It is not clear to me that much in this area has changed in the last 20 years. When I visited the Shan State in 2011, a shopkeeper hushedly waved me to a desk where he pulled out hidden copies of then-banned books celebrating Shan culture and identity. Pointing to the word “Shan” on the cover of one, he said “This is my country.”*
These are the ‘deeper issues’ I mentioned in my last post on the topic. The ethnic differences have largely involved minorities seeking autonomy or at least fair representation in national politics. It is worth noting that in the power vacuum left by the British, the strongest cohesive unit of power -against all others- was the AFPFL, which after 1948, “developed as an essentially Burman ethnicnationalist movement which articulated the goal of Burmese independence in the name of a defence of Burman ethnic language and culture, and of the Buddhist religion, portraying the independent Burmese state as rightful successor to the Burman dynasties of the past. Thus the AFPFL mission which went to London under Aung San’s leadership in 1946 to demand independence consisted entirely of Burmans, and in the early 1950s all of its chief officers, under the Presidency of U Nu, were Burmans” (Brown, p.31).
The final article features the academic Michael Jerryson, who is largely responsible for the language of “Buddhist violence” in academic and popular discussion in the last ten years. There he is asked:
Aren’t ethnic rather than religious reasons more to blame for the conflicts we’ve seen in many predominantly Buddhist nations?
[he answers:] There are a range of diverse factors that contribute to the instances of what is seen as religious violence in places like Thailand, Sri Lanka and Myanmar. But then again, religious teachings and forms of Buddhist nationalism have been observed greatly influencing this violence too. Monks who should be peacemaking (or so we assume, especially in the West) are seen aggravating or causing conflict. This anomaly led me to start looking at this long history of Buddhist warfare. But I’m just arguing that when religion is injected into the conflict, even if it’s Buddhism, it changes the parameters of such conflict in many ways.
And concerning U Wirathu specifically he adds:
There would be many who’d say Wirathu is an extremist and not the true face of Buddhism, which would be the case with religious fundamentalism anywhere. Yet as a scholar it is not my place to judge that, like say the Roman Catholic Church can do in some Christian contexts. My job is to study and document and point to what is ignored. It’s not about highlighting violence in Buddhism for its own sake, but to make sure it’s included in the discourse. Because it’s there.
Fundamentalism in particular is a sensitive subject, as I found out in May when I wrote about Buddhism, Islam and Fundamentalism following the Woolwich murder and subsequent hate crimes against Muslims here in England. Returning to Jerryson’s first response, however, there is something of a conspiracy theory circulating that the junta is using Buddhist nationalism (which would unite, at least nominally the Burman, Shan, and Karen ethnic groups) against a common, fabricated enemy, the Muslims, thus distracting everyone from their decades-long goals of autonomy or fair representation. Just as the weak democratic government facing internal strife had to turn over power to the military as a caretaker from 1958-1960 – which then helped legitimate the 1962 takeover – a similarly democratic facade could be forced to crumble if current problems get out of hand.
It’s difficult to say just how much the junta is orchestrating violence (though it’s painfully clear that they are woefully neglecting Muslim victims), but the depth of this conflict and the ongoing nature of others are why I wrote about “the fractious nature of Burma today and the fragility of its movement toward democracy” last time. It would be macabre to suggest that India had it easy in the wake of the British colonial exit: one massive bloodletting and migration under two separate nations instead of a heavy military fist holding opposing people together against their will. Of course that didn’t solve everything: two became three in 1971, contested areas remain, ideological rebellions have not ceased, and religious violence, too, has led to many tragedies: against Sikhs, against Muslims, against Christians, against Hindus…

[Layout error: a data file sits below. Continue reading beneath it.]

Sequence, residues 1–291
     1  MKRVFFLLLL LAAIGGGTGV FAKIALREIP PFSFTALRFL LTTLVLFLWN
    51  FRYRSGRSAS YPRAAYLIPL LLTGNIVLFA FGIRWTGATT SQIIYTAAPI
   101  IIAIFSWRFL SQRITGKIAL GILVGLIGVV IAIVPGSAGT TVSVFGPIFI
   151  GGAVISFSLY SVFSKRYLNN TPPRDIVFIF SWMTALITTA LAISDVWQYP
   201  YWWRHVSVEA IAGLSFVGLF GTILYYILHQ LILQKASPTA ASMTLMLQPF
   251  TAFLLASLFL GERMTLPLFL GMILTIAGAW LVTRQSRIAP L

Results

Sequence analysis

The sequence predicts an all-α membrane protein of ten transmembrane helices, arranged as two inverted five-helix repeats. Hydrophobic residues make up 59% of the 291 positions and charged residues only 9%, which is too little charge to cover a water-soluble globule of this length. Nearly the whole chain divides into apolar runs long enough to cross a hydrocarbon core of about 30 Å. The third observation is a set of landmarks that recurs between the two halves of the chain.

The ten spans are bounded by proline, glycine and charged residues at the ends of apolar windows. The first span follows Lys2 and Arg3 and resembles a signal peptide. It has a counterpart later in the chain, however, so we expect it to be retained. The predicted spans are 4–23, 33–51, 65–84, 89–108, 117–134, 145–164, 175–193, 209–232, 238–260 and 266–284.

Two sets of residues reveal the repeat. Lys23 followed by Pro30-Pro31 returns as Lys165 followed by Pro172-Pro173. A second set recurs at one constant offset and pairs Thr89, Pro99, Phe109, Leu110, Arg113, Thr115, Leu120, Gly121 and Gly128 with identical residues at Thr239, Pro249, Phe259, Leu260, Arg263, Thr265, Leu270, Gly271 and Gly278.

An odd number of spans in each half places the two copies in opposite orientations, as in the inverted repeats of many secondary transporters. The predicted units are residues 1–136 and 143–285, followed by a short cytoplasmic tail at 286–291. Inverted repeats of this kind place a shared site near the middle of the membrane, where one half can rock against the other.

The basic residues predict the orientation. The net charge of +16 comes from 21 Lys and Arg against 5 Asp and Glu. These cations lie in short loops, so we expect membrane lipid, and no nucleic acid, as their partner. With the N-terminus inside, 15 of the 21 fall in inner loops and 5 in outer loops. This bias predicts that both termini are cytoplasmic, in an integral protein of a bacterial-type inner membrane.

If that’s what multi-ethnic/multi-religious post-Colonial democracy looks like (and need i bring up the Middle East?), perhaps we could only be so lucky to see the junta reassert itself, saving us from witnessing the unraveling of modern Burma.
For scholarship on the topic cited here, see:
David Brown, The State and Ethnic Politics in South-East Asia and
Donald Seekins, Historical Dictionary of Burma (Myanmar)
* News update (Aug 5), via the US Campaign for Burma: A call for federalism, equal representation, and a new Constitution was issued on August 2 by the United Nationalities Federal Council, which gathered together ethnic and resistance groups last week in Chiang Mai to develop a joint strategy for reaching a political solution with the Burmese government. The key positions and decisions are as follows (read the full document here .pdf):
(a) To form the present Union of Burma/Myanmar into a Federal Union of national states and nationalities
states, having national equality and self-determination;
(b) To practice federal democracy in this Federal Union;
(c) To form Federal Union Defense Forces that will defend the Federal Union from external dangers;
(d) The current 2008 Constitution practiced by U Thein Sein government is not accepted, as it is devoid of
democratic essence and not in accordance with the principles of federalism. A new Constitution based
on genuine federal principles will be drafted and promoted for practice;
(e) The UNFC and UNA will lead in drafting the new Constitution, and a drafting committee consisting of
representatives from the democratic forces, women organizations, youth organizations, CBOs and
other organizations will be formed, as part of the realization of the aim.
(f) In political dialogue and negotiation, the 6-point political program, laid down by the Ethnic
Nationality Conference held in September 2012, will be followed. In political dialogue and
negotiation, all the resistance organizations are to be represented as a bloc, and not individually.